Tag Archives: Anna Clyne

Metropolis New Music Festical 2016: Syzygy Ensemble

A city shapes the people who inhabit it, as was demonstrated in an episode of the Radiolab podcast. The average speed at which people walk the streets is closely correlated to the city’s population size. Syzygy Ensemble took the transformative quality of living in close quarters as the inspiration for their “Cramped Space”  program at the Metropolis New Music Festical. Just as cramped physical spaces transform us as human beings, Syzygy Ensemble showed how artistic restrictions profoundly shape the music we create.

In Jacob Ter Veldhuis’ Tatatata cellist Blair Harris walks the virtuosic tightrope of a prerecorded voice: That of the surrealist poet Guillaume Apollinaire. The voice interjects the odd grainy “ta” as the cello plays rhythmic double-stops. The voice becomes more rhythmic as the two engage in a rapid and humorous duet. The two parts appear equal, but the cellist’s agency is limited by the prerecorded voice.

From a prerecorded duet partner to a live one, Giacinto Scelsi’s duet Ko Lho for flute and clarinet is a balletic study in dynamic and timbral precision. Swelling crescendi and decrescendi overlap in a haunting, shimmering surface. Where Harris was restricted in time by his prerecorded duet partner, the two instruments in Ko Lho are restricted in pitch-space. The swelling dynamics and tone colours of the piece are so many ways to differentiate the instruments within a tight harmonic range. Neither Ter Veldhuis nor Scelsi seem to mind their self-imposed restrictions. Both pieces end in gestures of resignation. The cello slides down into long, exhausted notes, while the flute and clarinet end luxuriating in their close harmonies.

The pianist Leigh Harrold and violinist Jenny Khafagi are tied together by John Adams’ motoric rhythms in Road Movies. Khafagi and Harrold’s rendition of this familiar piece was a tour de force of energetic precision. From the first movement, which races along like a race car driver with a death wish, to the contemplative scordatura of the second and the hectic hoedown of the final movement, the audience was completely transfixed by the Khafagi and Harrold’s unstoppable momentum.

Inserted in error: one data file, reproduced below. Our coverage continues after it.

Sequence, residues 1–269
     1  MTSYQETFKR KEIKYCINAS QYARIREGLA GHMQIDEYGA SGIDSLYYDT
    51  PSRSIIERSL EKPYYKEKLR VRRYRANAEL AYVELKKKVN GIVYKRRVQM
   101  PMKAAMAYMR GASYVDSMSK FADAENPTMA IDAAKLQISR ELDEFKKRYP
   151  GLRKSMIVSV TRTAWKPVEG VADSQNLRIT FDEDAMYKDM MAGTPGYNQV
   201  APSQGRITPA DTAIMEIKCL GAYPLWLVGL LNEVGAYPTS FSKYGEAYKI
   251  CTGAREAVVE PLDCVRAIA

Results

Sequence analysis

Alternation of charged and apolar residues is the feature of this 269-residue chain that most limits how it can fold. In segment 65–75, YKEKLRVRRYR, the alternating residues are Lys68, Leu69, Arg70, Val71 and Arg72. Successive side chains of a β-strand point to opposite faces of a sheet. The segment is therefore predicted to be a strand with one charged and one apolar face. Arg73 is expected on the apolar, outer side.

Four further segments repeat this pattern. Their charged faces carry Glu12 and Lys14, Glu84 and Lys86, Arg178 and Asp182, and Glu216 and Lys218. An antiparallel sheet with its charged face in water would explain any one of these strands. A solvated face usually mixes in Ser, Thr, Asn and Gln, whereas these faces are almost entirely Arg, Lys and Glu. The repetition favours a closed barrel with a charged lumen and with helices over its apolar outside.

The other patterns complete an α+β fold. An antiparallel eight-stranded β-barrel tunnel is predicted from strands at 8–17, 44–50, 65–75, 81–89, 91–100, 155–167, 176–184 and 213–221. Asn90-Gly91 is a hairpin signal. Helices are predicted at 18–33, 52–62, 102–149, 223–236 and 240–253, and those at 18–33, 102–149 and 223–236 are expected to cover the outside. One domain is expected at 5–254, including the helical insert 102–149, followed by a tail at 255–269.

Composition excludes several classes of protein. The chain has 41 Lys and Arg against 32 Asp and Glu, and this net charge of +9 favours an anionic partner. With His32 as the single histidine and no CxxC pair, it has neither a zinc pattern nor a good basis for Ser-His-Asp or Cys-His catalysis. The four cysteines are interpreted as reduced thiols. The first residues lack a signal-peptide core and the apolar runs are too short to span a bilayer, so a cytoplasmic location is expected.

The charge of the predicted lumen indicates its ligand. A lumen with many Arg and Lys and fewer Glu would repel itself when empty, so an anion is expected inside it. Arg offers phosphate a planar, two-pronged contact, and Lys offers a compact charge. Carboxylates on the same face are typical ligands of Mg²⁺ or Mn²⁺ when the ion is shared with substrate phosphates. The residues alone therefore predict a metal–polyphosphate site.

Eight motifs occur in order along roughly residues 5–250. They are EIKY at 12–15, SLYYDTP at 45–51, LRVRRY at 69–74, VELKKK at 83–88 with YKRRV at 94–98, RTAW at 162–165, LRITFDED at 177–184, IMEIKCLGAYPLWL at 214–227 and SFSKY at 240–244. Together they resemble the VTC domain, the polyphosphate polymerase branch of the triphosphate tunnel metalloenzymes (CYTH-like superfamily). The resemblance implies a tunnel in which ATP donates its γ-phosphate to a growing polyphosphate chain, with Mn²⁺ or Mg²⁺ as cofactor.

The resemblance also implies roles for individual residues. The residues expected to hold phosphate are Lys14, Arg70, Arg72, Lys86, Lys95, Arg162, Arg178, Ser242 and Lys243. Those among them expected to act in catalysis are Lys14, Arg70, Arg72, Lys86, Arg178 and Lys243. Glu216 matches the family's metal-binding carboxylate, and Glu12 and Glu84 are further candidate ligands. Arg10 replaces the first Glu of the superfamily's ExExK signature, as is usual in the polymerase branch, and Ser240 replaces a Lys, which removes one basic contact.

Anna Clyne evokes the restricted space of childhood imagination in 1987. This space is not that of the supposedly unbounded imaginations of children, but our bounded memories of childhood. 1987 seems to have been a sad year for Clyne, judging by the ominous chorale for cello, violin, bass clarinet, and bass flute overlaid with the cranking and tinkling of a music box. Recordings of a fairground melt into a truly apocalyptic movement with gritty cello and bass clarinet.

Charlotte Bray’s Upflight of Butterflies continues the theme of cramped imaginary spaces by pursuing the paradox of loneliness in company. Each movement paints a bitter-sweet pair of words from the poetry of Pablo Neruda’s poetry including “Abandoned Sun,” “Trail of Light,” “White with Space” and “Dazzlement of Butterflies.” The sun is painted with flat, sustained harmonies like a cold and distant star singing to itself. The trail of light implies something leaving or being pursued, just as Laila Engle’s flute haplessly follows Harris’ meandering cello line. One would think that at least a “dazzlement of butterflies” would be unequivocally positive, but even the motoric beating of wings across the ensemble was tinged with acerbic harmonies.

Beyond Syzygy Ensemble’s characteristically thoughtful approach to the festival theme, the concert provided the opportunity to hear each individual performer’s formidable talents in a solo or duo setting, proving once again why Syzygy Ensemble are Melbourne’s most energetic and dynamic contemporary music ensemble.

Syzygy Ensemble